Building skills for data-enabled research: Insights from the Australian eResearch Skilled Workforce Summit
During 29-30 July, I had the opportunity to represent NeSI and New Zealand at the Australian eResearch Skilled Workforce Summit in Sydney, Australia.
This inaugural event hosted data stewards, instructors, and a variety of research support professionals to discuss the big questions that challenge research, such as “What skills do our researchers, data or software specialists, and research support staff need to survive and thrive in this new world of data-enabled research?”
Nearly 200 attendees from a variety of Australian institutions, as well as a few international organizations (including NeSI and The University of Auckland’s Centre for eResearch), discussed challenges and shared ideas on how to best support the growth in capability of a nation’s research sector.
With five months under my belt as NeSI’s Training Coordinator, attending this event helped me to better recognize and understand the nuance and complexity that surrounds eResearch upskilling initiatives.
Different organizations have differing obligations to their local community and to the academic sector of which they belong. This made for rich conversation and idea swapping. One attendee stated, “I’ve been able to have conversations I haven’t been able to have for seven years.”
Conference coordinators took advantage of this rare meeting of infrastructure providers, governing bodies, and institutions by asking attendees on Day 1, “What needs to change to improve digital skills development?” Interestingly, improved career paths and recognition emerged as the top concerns of the group, more so than policy change, community building, developing repositories for learning material, or even teaching itself.
These insights are very relevant to NeSI, particularly as our team and collaborators implement NeSI’s training strategy and evolve our understanding of the eResearch training landscape within New Zealand.
Like several of our international counterparts, NeSI is a member of The Carpentries, an international community that provides the support and materials necessary for delivering foundational computational and data management skills to researchers.
In fact, a core part of NeSI’s training strategy since 2015 has been the Carpentries’ ‘train the trainer’ approach, where NeSI has focused on supporting and growing New Zealand’s pool of workshop instructors — people committed to delivering high-quality, fundamental digital skills workshops at their local institutions.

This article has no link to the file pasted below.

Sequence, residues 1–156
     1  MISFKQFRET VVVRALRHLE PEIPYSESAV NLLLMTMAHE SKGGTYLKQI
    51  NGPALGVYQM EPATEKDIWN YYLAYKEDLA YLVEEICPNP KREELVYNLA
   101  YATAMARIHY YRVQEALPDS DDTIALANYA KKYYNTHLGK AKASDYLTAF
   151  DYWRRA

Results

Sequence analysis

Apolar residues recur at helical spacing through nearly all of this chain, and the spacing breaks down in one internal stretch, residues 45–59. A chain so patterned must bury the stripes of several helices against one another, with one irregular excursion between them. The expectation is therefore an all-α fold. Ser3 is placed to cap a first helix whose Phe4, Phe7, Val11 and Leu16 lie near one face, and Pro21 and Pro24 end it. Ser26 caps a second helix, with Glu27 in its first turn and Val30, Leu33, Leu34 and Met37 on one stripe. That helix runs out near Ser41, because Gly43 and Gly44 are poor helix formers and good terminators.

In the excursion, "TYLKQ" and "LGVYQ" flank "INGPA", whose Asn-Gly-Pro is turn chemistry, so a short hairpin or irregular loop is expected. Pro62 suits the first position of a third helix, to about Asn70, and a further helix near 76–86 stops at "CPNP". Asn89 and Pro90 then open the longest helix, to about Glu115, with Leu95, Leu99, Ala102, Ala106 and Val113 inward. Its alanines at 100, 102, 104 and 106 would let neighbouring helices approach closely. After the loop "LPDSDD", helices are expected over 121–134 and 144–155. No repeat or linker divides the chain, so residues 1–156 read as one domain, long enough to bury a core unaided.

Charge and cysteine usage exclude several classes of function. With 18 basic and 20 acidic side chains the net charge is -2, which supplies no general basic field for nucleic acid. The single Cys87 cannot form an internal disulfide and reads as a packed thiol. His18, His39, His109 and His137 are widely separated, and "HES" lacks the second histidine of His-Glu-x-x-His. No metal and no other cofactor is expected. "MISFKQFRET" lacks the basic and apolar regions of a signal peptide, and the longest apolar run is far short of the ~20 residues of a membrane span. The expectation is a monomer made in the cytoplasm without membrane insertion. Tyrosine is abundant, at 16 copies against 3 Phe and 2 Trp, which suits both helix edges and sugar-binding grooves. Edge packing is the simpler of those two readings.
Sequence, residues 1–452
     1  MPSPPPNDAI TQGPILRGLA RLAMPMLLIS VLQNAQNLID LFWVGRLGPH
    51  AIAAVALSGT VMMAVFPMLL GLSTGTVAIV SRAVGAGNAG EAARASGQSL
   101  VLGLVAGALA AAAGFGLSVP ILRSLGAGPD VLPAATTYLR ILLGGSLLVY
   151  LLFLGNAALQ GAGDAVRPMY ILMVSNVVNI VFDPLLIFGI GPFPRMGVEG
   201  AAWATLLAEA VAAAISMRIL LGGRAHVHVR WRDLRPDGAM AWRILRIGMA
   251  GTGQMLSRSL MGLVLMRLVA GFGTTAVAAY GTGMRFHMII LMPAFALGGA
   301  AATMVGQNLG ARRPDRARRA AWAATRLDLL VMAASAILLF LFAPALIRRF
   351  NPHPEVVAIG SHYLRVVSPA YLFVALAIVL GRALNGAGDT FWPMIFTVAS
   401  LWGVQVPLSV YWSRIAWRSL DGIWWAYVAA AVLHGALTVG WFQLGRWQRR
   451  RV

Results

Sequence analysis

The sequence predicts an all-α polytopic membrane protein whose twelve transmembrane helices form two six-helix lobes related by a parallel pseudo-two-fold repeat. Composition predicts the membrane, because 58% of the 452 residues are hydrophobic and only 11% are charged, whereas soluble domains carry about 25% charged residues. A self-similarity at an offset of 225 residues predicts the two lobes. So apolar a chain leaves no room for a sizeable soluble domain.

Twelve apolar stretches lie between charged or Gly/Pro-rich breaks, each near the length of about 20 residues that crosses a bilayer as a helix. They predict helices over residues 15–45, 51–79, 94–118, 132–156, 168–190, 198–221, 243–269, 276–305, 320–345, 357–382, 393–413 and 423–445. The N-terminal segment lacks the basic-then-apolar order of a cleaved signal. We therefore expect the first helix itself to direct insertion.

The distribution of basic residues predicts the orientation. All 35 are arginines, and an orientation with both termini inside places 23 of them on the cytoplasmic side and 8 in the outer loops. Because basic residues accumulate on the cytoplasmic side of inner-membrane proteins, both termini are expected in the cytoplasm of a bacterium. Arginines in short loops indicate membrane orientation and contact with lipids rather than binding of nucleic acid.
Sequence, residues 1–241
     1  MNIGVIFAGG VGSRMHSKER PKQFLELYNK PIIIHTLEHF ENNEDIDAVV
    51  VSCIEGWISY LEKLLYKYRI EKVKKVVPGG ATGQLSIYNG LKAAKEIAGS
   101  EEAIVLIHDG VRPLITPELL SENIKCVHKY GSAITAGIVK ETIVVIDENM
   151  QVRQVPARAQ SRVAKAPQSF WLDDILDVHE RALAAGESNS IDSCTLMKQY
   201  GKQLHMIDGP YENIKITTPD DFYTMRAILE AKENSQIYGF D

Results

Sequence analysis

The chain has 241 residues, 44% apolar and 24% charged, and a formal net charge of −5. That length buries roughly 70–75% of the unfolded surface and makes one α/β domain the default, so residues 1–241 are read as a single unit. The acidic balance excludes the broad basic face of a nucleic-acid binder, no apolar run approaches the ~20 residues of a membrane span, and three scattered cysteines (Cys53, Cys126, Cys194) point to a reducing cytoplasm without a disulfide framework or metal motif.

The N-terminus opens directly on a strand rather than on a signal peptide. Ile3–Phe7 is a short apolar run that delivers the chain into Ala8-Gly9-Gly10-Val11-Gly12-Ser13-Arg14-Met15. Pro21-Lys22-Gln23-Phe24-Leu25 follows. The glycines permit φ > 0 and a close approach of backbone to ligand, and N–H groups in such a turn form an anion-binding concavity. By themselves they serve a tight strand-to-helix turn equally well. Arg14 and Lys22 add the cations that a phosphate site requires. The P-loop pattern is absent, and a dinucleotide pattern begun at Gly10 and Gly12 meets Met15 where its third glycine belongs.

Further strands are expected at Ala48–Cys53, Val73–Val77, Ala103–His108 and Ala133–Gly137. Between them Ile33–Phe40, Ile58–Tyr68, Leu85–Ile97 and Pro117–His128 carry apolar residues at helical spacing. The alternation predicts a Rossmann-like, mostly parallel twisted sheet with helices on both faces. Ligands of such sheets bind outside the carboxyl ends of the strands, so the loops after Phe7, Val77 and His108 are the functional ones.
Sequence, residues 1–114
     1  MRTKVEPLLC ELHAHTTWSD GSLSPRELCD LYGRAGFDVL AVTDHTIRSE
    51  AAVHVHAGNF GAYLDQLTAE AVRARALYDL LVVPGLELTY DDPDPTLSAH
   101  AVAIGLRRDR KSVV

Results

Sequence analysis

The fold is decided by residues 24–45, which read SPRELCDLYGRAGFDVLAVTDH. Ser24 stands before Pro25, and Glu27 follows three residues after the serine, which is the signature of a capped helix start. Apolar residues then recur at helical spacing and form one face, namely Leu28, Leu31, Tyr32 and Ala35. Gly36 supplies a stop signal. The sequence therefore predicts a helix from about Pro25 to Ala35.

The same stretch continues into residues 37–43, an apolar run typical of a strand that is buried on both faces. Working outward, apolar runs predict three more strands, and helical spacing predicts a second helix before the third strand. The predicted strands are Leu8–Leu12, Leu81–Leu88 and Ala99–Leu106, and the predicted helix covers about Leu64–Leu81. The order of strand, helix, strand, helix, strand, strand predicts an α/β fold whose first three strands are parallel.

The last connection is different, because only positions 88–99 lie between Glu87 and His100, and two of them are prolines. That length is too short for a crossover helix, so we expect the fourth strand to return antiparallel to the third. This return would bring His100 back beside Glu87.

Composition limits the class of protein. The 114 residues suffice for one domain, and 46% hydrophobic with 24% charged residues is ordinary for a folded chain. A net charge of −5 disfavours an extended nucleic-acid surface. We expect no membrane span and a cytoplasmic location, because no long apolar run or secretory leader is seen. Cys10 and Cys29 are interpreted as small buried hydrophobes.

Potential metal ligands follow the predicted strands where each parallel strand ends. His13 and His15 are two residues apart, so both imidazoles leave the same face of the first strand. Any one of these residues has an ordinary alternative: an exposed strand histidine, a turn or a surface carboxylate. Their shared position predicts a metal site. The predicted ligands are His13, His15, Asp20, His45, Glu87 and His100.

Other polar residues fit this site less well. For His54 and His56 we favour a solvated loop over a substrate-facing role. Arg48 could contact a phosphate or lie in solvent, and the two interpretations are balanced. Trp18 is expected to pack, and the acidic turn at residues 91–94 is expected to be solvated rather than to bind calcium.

This strategy accepts the fact that NeSI cannot address the needs of all of New Zealand researchers alone and, fortunately, does not have to. Through partnerships and collaborations with the other three Carpentries members in New Zealand — ESR, the Universty of Otago, and Genomics Aotearoa — New Zealand has the highest number of Carpentries workshops per capita in the world.
Attending an event like the eResearch Skilled Workforce Summit challenged me to acknowledge that the demand for fundamental digital skills training cannot be fixed by workshops alone. Participants at the Summit grappled with this issue, discussing sustainability and scaling in the context of upskilling. The needs of researchers are incredibly varied and learning takes time — more time than the typical two-day duration of most Carpentries workshops.
So how do researchers continue to build capability outside of workshops? No one at the Summit had a complete answer yet. We are, however, starting to see an eResearch training community emerge in Australia / New Zealand that moves beyond a one-workshop-fits-all approach.
Carpentries workshops are being incorporated into ResBaz events, hacky hours are becoming more common, and online training opportunities are increasing. For example, NeSI is expanding its training offerings to include more webinars and online hacky hours.
Along with an increase in eResearch training variety, there is also a growing number of opportunities for eResearch trainers to get support. Examples include The Carpentries Community Slack channels and community calls, and conferences like the Skilled Workforce Summit, eResearch Australasia, and eResearch NZ that continue to highlight the successes and challenges in cultivating digital literacy.
Discussions are ongoing, and NeSI remains committed to understanding the training needs of researchers throughout New Zealand. Personally, I am inspired by the enthusiasm that drives these conversations and initiatives, and I’m looking forward to the next Skilled Workforce Summit and other future eResearch events.